Modern Canadian Inorganic Chemistry

Modern Canadian Inorganic Chemistry

Polyhedron 108 (2016) 1 Contents lists available at ScienceDirect Polyhedron journal homepage: www.elsevier.com/locate/poly Preface Modern Canadia...

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Polyhedron 108 (2016) 1

Contents lists available at ScienceDirect

Polyhedron journal homepage: www.elsevier.com/locate/poly

Preface

Modern Canadian Inorganic Chemistry It is a pleasure for us to see the completion of this special issue of Polyhedron dedicated to modern inorganic chemistry in Canada. The past decade has brought significant changes to chemistry research in Canada, and to Canadians everywhere. Perhaps most noteworthy are the many excellent new researchers that have emerged as the next generation, and they offer a glimpse of what the future of inorganic chemistry will be in Canada for the decades to come. We are particularly pleased that Professor Richard J. Puddephatt, Distinguished University Professor at the University of Western Ontario, and Officer of the Order of Canada, has contributed to the special issue. Professor Puddephatt has represented inorganic chemistry in Canada for many years and it is an honour to publish his work in our journal. Motivation for this special issue comes from a personal perspective for one of us (ASV): ‘‘My entry into chemical research came about under the auspices of a fourth year undergraduate research project in the laboratories of James F. King at the University of Western Ontario in 1996–1997. I could not comprehend at the time how fortunate I was to have the opportunity to work in Professor King’s laboratories. That first taste of new discovery set forth a remarkable chain of events that finds me now, nearly 20 years later, as Professor of Chemistry at the University of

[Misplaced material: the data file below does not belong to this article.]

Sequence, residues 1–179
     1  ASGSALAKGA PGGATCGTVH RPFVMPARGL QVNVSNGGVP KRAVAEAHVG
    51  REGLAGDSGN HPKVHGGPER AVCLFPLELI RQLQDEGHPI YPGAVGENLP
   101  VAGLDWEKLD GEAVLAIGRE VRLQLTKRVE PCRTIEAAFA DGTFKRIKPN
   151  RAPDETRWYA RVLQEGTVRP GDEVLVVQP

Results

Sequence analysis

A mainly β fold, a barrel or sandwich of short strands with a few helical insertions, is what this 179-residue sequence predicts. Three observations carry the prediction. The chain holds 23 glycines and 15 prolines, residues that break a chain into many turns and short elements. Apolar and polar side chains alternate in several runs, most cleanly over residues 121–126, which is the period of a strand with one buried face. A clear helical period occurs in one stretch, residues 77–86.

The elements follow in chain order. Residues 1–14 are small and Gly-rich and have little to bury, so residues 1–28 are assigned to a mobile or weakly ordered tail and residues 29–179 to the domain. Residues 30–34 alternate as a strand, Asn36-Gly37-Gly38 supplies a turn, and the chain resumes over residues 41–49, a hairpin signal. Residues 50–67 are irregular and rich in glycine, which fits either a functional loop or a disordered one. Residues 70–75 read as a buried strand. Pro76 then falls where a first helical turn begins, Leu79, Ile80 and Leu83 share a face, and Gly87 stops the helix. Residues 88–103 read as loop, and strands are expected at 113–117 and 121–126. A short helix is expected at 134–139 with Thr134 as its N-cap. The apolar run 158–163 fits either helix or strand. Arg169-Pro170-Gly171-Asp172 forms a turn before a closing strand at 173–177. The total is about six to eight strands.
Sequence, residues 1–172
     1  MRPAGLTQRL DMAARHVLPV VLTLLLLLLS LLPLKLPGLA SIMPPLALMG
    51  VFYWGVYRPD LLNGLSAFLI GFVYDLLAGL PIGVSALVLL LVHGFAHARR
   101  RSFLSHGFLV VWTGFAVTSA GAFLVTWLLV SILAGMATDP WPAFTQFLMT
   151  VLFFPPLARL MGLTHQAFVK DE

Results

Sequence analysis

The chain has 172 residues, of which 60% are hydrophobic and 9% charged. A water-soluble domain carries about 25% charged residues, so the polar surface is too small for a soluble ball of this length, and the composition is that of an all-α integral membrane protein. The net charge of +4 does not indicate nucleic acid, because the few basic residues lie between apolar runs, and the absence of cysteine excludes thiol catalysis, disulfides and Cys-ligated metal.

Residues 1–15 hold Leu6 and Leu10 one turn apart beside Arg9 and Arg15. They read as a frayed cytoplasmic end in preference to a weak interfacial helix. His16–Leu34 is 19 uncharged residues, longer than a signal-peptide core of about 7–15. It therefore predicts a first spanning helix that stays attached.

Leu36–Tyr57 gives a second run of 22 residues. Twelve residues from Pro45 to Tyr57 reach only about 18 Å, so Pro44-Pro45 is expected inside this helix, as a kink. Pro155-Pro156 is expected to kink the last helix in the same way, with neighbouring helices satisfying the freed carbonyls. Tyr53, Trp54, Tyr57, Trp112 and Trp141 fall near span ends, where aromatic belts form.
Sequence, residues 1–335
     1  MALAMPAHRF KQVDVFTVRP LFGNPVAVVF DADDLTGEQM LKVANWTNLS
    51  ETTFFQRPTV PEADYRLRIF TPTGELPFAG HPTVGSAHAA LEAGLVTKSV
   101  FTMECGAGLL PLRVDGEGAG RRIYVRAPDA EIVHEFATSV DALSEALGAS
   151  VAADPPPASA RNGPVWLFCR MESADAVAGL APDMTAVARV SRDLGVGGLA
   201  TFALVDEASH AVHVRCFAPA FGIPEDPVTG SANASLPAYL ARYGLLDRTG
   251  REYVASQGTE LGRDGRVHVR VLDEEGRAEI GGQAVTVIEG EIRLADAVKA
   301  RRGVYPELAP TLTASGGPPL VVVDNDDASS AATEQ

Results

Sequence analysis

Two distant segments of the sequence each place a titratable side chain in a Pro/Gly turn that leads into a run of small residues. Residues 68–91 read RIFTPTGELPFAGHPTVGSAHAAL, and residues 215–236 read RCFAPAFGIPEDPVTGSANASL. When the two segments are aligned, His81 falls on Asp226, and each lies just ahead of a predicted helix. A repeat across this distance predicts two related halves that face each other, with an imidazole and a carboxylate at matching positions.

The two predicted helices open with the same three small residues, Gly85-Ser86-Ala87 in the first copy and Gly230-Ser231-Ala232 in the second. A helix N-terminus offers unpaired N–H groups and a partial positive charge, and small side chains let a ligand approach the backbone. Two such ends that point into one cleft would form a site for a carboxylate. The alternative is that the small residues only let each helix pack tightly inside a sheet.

http://dx.doi.org/10.1016/j.poly.2016.03.051 0277-5387/Ó 2016 Published by Elsevier Ltd.

Florida. Needless to say, my gratitude for the first-class education I received in Canada is beyond words. It is with that gratitude in mind that I wanted to create this special issue honoring the current inorganic chemistry research being conducted in Canada.” The most compelling aspect of the articles gathered within these pages is the extraordinary diversity of inorganic research being conducted across Canada. Even this small sampling for a special issue comprises topics spanning: coordination and organometallic chemistry; transition metal, lanthanide and main group chemistry; molecules, polymers, thin films and MOFs; studies by various spectroscopic and physical methods; and relevance to catalysis, medical applications, luminescent materials, single-molecule magnets, and many others. It is a collection of excellent papers, and we hope you enjoy reading them. Guest Editor Adam S. Veige University of Florida, United States George Christou Editor for the Americas and Australasia University of Florida, United States